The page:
ARTICLE: Global Elimination of Chronic Hepatitis

AUTHOR: David L. Thomas

JOURNAL: N Engl J Med. 2019 May 23;380(21):2041-2050. doi: 10.1056/NEJMra1810477.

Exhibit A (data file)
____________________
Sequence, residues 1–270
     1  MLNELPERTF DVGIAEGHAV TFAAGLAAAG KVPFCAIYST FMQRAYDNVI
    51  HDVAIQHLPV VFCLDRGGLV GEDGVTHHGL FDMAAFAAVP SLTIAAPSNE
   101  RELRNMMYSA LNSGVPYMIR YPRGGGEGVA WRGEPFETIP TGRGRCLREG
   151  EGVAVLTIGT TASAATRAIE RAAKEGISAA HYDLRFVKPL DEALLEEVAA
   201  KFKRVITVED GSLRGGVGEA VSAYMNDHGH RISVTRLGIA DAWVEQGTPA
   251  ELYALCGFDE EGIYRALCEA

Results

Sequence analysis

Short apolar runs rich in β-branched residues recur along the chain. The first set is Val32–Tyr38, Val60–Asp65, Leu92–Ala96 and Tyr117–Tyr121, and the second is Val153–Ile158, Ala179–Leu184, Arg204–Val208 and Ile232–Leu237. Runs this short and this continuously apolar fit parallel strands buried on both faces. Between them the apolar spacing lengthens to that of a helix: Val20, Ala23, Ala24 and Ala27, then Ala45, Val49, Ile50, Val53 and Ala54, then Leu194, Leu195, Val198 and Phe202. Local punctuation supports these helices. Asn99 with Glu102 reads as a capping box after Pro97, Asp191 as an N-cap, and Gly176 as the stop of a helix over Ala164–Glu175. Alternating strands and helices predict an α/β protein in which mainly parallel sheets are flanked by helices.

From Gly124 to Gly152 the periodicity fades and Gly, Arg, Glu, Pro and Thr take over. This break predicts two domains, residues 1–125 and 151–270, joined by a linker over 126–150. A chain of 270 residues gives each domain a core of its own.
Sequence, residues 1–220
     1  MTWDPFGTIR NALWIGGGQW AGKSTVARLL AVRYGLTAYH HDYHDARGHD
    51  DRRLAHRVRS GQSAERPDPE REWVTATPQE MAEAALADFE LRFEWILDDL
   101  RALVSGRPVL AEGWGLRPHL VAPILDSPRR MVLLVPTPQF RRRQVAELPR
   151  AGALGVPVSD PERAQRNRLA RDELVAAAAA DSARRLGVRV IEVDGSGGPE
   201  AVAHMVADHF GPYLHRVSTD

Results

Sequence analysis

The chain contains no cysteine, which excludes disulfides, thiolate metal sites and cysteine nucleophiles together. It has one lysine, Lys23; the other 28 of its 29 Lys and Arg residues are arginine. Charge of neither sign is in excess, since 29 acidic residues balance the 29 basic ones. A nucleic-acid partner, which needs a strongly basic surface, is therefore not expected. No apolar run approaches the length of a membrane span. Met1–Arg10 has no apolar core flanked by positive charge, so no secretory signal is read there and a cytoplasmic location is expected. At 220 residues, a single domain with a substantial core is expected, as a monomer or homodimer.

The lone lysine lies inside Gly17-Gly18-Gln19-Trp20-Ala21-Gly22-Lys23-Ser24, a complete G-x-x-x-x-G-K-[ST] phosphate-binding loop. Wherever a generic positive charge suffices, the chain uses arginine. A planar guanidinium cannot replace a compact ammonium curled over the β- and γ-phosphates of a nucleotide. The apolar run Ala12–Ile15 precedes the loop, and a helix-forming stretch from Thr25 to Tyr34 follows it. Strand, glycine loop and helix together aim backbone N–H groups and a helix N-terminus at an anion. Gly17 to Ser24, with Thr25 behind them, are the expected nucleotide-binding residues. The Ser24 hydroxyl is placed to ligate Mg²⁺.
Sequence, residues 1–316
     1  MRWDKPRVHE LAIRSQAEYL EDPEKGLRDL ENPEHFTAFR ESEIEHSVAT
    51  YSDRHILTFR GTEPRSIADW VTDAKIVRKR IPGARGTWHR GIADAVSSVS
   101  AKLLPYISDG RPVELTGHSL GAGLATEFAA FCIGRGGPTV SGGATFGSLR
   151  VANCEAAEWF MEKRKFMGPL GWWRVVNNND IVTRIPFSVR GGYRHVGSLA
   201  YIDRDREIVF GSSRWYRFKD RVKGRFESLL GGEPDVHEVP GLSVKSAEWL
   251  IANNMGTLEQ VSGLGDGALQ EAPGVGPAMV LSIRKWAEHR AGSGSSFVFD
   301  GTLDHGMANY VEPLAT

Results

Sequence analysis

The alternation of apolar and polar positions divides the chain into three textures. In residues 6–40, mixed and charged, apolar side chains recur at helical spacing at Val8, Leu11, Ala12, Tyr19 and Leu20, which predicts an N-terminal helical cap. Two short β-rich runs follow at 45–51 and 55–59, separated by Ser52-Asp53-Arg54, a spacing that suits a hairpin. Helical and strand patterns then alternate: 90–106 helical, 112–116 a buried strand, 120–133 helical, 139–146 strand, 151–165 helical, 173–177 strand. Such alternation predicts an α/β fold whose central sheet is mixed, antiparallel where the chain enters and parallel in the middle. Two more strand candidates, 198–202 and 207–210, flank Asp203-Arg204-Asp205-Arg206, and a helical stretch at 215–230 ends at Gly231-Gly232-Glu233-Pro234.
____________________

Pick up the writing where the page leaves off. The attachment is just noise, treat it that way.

Major advances have been made in the prevention and treatment of chronic hepatitis C virus (HCV) and hepatitis B virus (HBV) infections. Nonetheless, by causing cirrhosis, hepatocellular cancer, or both, HCV and HBV infections kill more than 1 million persons each year, accounting for as many global deaths as those due to human immunodeficiency virus (HIV) infection, tuberculosis, or malaria (Figure 1).1 In fact, by 2040, deaths from chronic hepatitis are projected to exceed the combined mortality associated with HIV infection, tuberculosis, and malaria.2 Recognizing both the advances that have been made and the continuing threat, the United Nations included the goal of combating viral hepatitis in its 2015 sustainable development goals, and in 2016, the World Health Assembly adopted the Global Health Sector Strategy on viral hepatitis that called for its elimination as a public health threat by 2030.3,4 In 2017, the World Health Organization (WHO) published a report defining hepatitis elimination and outlining a strategy to achieve that goal by 2030.5,6 This review considers the goal, the interventions and targets needed to achieve the goal, the progress that has been made, the challenges that remain, and future directions.

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